The Obama Administration supports UN immunity in the cholera case, saying that UN officials and MINUSTAH cannot be sued.
Obama Administration Backs U.N. in Disputes Over Haiti Cholera Epidemic
Jacob Gershman, The Wall Street Journal
March 12, 2014
The Obama administration has told a federal judge that diplomatic immunity shields the United Nations from liability for a cholera outbreak that ravaged Haiti after the 2010 earthquake.
Haitians living in the U.S. and Haiti have filed at least two lawsuits seeking class action status in federal courts in New York claiming that the U.N. failed to screen infected peacekeepers deployed from Nepal. The lawsuits also claim the U.N. mission constructed shoddy sanitation facilities that allowed contaminated human waste to run into the country’s major river, helping to spread the disease.
The 2010 cholera outbreak killed more than 8,000 Haitians and sickened hundreds of thousands, according to U.S. officials.
The latest lawsuit was filed on Tuesday in Brooklyn federal court on behalf of nearly 1,500 residents of Haiti and the U.S. who say they “have been or will be sickened, or have family members who have died or will die, as a direct result of the cholera introduced to Haiti.”
The named plaintiffs are four Haitians living in New York City and Atlanta whose father and stepmother were allegedly killed by the disease. A similar lawsuit on behalf of Haitian victims was filed in Manhattan federal court in October.
While declining to comment specifically on the litigation, a spokesman for U.N. Secretary-General Ban Ki-moon said in a statement Wednesday that the U.N. “continues to be committed to do all that it can to help the people of Haiti overcome the cholera epidemic.”
Last month, the U.N.’s Under-Secretary-General for Legal Affairs, Miguel de Serpa Soares, wrote to U.S. Ambassador Samantha Power asserting “that the United Nations continues to maintain its immunity and the immunity of its officials in connection with this matter,” according to court documents.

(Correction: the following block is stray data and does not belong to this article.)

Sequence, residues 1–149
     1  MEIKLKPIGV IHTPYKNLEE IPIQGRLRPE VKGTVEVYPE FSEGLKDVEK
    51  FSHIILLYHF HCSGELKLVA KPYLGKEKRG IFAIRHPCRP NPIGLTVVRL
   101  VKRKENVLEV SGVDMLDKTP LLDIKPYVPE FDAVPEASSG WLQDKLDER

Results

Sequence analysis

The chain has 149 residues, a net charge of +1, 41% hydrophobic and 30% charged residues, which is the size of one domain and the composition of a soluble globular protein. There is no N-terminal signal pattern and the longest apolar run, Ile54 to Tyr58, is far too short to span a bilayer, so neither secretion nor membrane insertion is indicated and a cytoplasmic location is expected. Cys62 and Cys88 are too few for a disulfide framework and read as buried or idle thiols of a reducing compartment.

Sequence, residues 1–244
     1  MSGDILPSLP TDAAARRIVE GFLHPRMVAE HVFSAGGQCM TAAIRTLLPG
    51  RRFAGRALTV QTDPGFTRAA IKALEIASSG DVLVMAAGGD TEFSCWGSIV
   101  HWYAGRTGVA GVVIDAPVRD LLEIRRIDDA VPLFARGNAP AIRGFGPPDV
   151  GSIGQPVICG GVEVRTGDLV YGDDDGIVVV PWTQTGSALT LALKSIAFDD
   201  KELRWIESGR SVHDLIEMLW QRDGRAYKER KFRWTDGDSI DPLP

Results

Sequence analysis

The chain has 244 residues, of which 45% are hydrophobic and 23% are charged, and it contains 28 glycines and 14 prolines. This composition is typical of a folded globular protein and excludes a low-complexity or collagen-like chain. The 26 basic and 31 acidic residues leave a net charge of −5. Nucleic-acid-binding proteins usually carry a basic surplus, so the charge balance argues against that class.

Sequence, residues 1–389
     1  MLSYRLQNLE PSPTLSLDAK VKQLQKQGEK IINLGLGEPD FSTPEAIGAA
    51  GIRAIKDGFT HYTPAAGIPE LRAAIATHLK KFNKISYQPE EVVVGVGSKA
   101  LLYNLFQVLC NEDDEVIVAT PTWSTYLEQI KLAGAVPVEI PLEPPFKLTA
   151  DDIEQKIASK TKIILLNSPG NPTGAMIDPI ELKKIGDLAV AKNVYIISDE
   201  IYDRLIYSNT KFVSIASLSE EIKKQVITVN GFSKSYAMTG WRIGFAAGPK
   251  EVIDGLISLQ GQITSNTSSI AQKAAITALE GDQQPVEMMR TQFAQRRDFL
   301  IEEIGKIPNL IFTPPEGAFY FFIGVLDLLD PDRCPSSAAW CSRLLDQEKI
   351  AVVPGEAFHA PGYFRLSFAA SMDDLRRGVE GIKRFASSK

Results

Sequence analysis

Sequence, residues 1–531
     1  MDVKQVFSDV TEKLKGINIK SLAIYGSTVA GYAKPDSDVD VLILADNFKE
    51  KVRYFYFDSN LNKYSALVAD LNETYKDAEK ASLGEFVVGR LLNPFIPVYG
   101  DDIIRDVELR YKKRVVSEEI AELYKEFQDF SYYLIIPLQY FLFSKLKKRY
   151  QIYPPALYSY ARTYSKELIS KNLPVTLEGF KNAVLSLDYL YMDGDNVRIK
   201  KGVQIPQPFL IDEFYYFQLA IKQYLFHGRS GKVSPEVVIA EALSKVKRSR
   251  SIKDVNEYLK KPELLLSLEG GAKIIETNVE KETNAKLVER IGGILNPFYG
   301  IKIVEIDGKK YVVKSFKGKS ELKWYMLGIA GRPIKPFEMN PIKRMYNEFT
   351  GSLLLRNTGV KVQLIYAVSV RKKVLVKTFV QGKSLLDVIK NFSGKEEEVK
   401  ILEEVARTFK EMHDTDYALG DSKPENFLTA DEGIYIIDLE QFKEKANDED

The letter requested that the Obama administration “take necessary action to ensure respect for the privileges and immunities of the Organization and its officials and ensure that no judgment or other adverse decision is entered by the Court against the Organization and its officials.”
On Friday, the Manhattan U.S. attorney’s office expressed its agreement with the U.N. in a letter to the Manhattan federal judge presiding over the case. The letter says the U.N. enjoys absolute immunity that hasn’t been waived.
“[B]ecause the U.N. has not waived its immunity in this case, the U.N., including [the U.N. Stabilization Mission In Haiti], enjoys absolute immunity from suit, and this action should be dismissed as against the UN for lack of subject matter jurisdiction,” the U.S. attorney’s office wrote.
The plaintiffs say the U.N. has “well-established legal obligations,” citing a 2004 “stabilization agreement with Haiti” that they say explicitly waives sovereign immunity.
They are asking a U.S. district judge to order the U.N. to set up a claims commission that would compensate victims and pay for water and sanitation improvements. “We’re asking for some modest compensation,” Stanley Alpert, an attorney for the plaintiffs and former federal prosecutor, told Law Blog. “Nobody is talking about American-style punitive damages.”
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